Dretzel Update

jbh5Things have been quiet lately on the C. H. Dretzel front. No new research to report. However, I remain convinced of my central thesis: that Dretzel’s Divertimento is a closer stylistic match to 565 than any other composition yet studied.

If we are permitted to make stylistic comparisons –and we are, and regarding this question it’s virtually all we’ve ever done– then Dretzel is the leading candidate, hands down.

I’m increasingly confused as to why we keep squinting at Kellner and Krebs, turning their scores this way and that, hoping that some passage will suddenly transmogrify into an actual semblance of the popular composition in question.

No amount of self-induced astigmatism can produce the close stylistic resemblance that plain, 20-20, uncorrected vision instantly reveals in the Dretzel.

Here is a comparison of the openings of the two fugues: first, the fugue of BWV 565; second, the fugue in the Divertimento.

565

 

dretz

I submit that, even from these snippets, a characteristic keyboard idiom and contrapuntal structure is noticeable across both pieces.

Please, do, show me a work by Kellner or Krebs, or any other A-lister of the Bach Circle, who composes a full movement in that precise idiom: light, airy, tonal, Italianate, vigorous, energetic, repetitive, and heavily flirtatious with scale degree 5 yet always avoiding a tonal answer, for the same obvious reasons.

(In the first case, the wonderful subdominant answer is finalized in a plagal cadence; in the second, the opening triadic leap allows the composer to obviate the issue and still enjoy a “prominent dominant.”)

All thirds and sixths, with carefully stage-managed moments of crisis; these often marked by fully-diminished chords in many voices or “staggering” 4/2 harmonies. Also, very little artifice, if you please. In both cases, similar feints at the Musical Sublime, and the educated middle-class taste.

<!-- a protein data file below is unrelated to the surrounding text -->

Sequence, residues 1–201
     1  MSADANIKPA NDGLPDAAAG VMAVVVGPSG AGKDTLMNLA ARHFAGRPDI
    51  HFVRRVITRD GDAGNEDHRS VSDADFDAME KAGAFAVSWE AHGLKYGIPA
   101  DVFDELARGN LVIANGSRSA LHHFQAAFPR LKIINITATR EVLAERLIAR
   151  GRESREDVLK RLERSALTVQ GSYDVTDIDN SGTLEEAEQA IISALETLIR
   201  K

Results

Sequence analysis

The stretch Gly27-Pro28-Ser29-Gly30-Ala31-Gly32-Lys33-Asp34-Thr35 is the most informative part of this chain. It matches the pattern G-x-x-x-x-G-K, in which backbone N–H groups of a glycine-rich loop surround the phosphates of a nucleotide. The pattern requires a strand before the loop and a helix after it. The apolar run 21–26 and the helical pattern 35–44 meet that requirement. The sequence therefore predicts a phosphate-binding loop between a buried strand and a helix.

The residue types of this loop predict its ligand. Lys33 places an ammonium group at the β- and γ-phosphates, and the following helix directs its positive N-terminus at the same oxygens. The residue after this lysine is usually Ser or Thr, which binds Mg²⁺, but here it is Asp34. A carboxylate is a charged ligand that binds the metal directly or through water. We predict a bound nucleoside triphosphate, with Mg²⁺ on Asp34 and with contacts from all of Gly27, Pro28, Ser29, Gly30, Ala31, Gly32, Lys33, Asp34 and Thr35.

Also, please, if you would, show me another early Bach piece of confident attribution that is this airy, light and free in texture. So not laborious!

In other words, I suggest that the musical economy of both pieces is virtually identical, in a way that I simply do not see in any other attempts at stylistic comparison. It is highly likely that we are dealing with one and the same composer.

In re-attributing the “adagiosissimo” movement which is still called BWV 897a, we implicitly re-attribute BWV 565.

I was honored, in 2014, to speak to a graduate seminar in counterpoint at NYU on this topic. The two above snippets were first used in that class. I have excellent colleagues, both my seniors and my peers, at that remarkable institution. I’m also grateful to the Guild, which gave me a forum at the Boston convention.

However, six years from my –I’ll call it discovery– there is still scant acknowledgment from the world of Bach scholarship at large. Some emails have come (to me), enthusiastically agreeing with me. Some emails (from me) have gone unanswered.

There is of course deep and widespread investment in a time-honored attribution; one doesn’t simply set that aside at the say-so of one person. There is the iconic status of the work in question; who wants Bach’s number-one calling card to be handed to a nonentity? Even if that nonentity deserves to be a household name? Even if nothing else by Bach sounds like 565, and one is reduced to scouring his Ĺ“uvre for examples of initial descent from 5 to 1?

By that standard, Mozart wrote 565.

E pur, si muove.

William of Occam, help me!

About Jon

Keyboard artist, sacred musician, teacher, writer, working in New York City and State. Many interests include music theory and history, literature, astronomy, genealogy, philosophy and theology, gardening, and good food.
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